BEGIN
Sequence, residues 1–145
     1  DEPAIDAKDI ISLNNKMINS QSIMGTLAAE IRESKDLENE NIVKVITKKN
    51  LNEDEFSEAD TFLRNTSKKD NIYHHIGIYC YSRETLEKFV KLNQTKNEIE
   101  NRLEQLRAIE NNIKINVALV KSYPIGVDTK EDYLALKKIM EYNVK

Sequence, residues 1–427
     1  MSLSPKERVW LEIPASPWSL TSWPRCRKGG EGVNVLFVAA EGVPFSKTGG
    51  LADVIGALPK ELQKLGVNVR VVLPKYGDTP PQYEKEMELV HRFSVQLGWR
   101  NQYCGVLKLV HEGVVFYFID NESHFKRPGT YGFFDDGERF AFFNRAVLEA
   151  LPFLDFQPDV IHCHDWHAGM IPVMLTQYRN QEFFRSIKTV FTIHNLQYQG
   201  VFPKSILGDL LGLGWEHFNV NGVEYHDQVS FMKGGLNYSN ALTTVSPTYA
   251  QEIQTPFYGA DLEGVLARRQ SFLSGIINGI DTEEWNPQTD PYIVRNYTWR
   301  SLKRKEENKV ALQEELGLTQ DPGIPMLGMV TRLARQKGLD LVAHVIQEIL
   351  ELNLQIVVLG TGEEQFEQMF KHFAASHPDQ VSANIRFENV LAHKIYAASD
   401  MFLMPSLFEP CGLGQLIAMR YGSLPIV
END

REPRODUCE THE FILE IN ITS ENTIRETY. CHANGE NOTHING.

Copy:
Sequence, residues 1–145
     1  DEPAIDAKDI ISLNNKMINS QSIMGTLAAE IRESKDLENE NIVKVITKKN
    51  LNEDEFSEAD TFLRNTSKKD NIYHHIGIYC YSRETLEKFV KLNQTKNEIE
   101  NRLEQLRAIE NNIKINVALV KSYPIGVDTK EDYLALKKIM EYNVK

Sequence, residues 1–427
     1  MSLSPKERVW LEIPASPWSL TSWPRCRKGG EGVNVLFVAA EGVPFSKTGG
    51  LADVIGALPK ELQKLGVNVR VVLPKYGDTP PQYEKEMELV HRFSVQLGWR
   101  NQYCGVLKLV HEGVVFYFID NESHFKRPGT YGFFDDGERF AFFNRAVLEA
   151  LPFLDFQPDV IHCHDWHAGM IPVMLTQYRN QEFFRSIKTV FTIHNLQYQG
   201  VFPKSILGDL LGLGWEHFNV NGVEYHDQVS FMKGGLNYSN ALTTVSPTYA
   251  QEIQTPFYGA DLEGVLARRQ SFLSGIINGI DTEEWNPQTD PYIVRNYTWR
   301  SLKRKEENKV ALQEELGLTQ DPGIPMLGMV TRLARQKGLD LVAHVIQEIL
   351  ELNLQIVVLG TGEEQFEQMF KHFAASHPDQ VSANIRFENV LAHKIYAASD
   401  MFLMPSLFEP CGLGQLIAMR YGSLPIV